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Are you a multilingual speaker?

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Posted on 
April 19, 2021

“How many languages do you speak?”
“Do you consider yourself multilingual?”
“What does multilingualism mean to you?”

These are three of the questions I asked participants in a survey last year. It was part of a study on multilingualism in which I participated as a researcher and which was led by a professor at the Official Languages and Bilingualism Institute (OLBI) of the Faculty of Arts at the University of Ottawa.Footnote 1 These questions seem very simple and straightforward, yet different participants gave different answers. In Canada, less than 20% of the population can speak the two official languages.Footnote 2 Should these people be defined as bilinguals? I think so. So, are bilinguals also multilingual?

Individual multilingualism

At the individual level, multilinguals are defined as people who use two or more languages. However, this definition is not universally accepted, and some linguists, in order to distinguish bilinguals from multilinguals, argue that a person needs to be able to speak three or more languages to be considered multilingual.Footnote 3 In defining multilingualism, there is also a question of how effectively speakers use their languages. In other words, what level of proficiency does the speaker need to achieve? Different language assessment systems give different answers, but the Canadian government considers that a person is bilingual when they can carry on a conversation in their second language.Footnote 4 This corresponds to the so-called A levels in the Common European Framework of Reference for Languages (CEFR) (opens in new tab) (PDF).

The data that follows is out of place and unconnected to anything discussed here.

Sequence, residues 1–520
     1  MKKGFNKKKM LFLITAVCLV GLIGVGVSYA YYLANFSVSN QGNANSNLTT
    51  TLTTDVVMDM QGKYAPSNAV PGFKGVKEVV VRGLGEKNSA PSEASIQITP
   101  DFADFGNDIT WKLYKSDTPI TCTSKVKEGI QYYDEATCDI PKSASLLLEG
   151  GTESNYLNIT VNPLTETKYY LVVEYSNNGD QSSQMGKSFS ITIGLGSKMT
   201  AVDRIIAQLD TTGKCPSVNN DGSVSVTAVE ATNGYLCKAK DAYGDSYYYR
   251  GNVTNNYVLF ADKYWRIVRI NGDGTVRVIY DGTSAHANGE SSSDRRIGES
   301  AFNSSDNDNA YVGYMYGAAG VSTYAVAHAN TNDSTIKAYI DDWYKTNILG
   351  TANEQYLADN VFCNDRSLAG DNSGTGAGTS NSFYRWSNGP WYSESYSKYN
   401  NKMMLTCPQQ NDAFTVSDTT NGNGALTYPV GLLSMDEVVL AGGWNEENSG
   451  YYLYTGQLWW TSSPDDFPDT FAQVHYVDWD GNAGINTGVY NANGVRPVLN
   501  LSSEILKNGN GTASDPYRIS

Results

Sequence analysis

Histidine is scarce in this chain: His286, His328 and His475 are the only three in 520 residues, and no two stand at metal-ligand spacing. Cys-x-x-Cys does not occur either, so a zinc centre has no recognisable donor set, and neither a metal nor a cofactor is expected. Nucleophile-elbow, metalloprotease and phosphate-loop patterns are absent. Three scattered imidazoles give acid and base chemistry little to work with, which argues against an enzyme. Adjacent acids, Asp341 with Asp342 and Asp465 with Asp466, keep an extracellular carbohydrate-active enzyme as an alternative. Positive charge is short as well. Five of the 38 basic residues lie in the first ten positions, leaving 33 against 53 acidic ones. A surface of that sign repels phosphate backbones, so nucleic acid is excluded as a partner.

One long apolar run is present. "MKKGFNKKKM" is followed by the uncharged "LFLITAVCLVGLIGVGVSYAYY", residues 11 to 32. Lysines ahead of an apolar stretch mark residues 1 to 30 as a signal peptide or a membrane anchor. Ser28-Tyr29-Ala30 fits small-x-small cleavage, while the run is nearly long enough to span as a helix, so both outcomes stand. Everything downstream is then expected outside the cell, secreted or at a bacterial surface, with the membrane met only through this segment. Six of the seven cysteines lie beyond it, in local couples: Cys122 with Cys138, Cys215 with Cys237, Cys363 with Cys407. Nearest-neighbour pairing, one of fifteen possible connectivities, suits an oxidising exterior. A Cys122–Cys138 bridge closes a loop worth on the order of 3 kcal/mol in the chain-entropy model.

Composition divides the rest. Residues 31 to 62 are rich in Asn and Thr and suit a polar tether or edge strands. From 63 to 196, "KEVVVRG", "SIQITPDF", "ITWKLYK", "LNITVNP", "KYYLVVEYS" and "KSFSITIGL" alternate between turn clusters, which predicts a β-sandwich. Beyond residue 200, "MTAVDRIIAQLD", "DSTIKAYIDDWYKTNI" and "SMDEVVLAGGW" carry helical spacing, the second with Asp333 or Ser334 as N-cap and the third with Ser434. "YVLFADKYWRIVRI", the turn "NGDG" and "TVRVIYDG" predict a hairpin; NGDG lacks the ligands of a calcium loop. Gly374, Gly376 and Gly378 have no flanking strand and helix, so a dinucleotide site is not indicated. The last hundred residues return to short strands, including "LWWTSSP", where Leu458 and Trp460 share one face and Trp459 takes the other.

Societal multilingualism

In societal terms, multilingualism is often described as the use of more than one language (more than two if you want to distinguish it from bilingualism) in a community or social group. Often, this multilingualism is attributed to immigrants from different cultural backgrounds, especially first-generation immigrants. So in Canada, many communities can be seen as multilingual because we are working hard to create a multicultural social environment. Even though there can be prejudice against a particular language, I believe that we should try to maintain as much linguistic diversity in our communities as possible, as this will make our society more culturally inclusive.

Institutional multilingualism

“Institutional multilingualism” refers to the use of two or more (or three or more if you want to distinguish it from bilingualism) languages in an organization, which may sometimes be supranational (for example, the European Union or the United Nations). However, when multiple languages are spoken within an institution, the appropriate supports need to be set up. In the United Nations, there are six official languages.Footnote 5 These languages are widely spoken, but interestingly, the reasons why some of them were chosen may have to do with the historical participants in World War II. Similarly, there are also many historical factors in Canada's adoption of English and French as the country’s official languages, and, in my opinion, Canada has made a relatively sound decision on this point.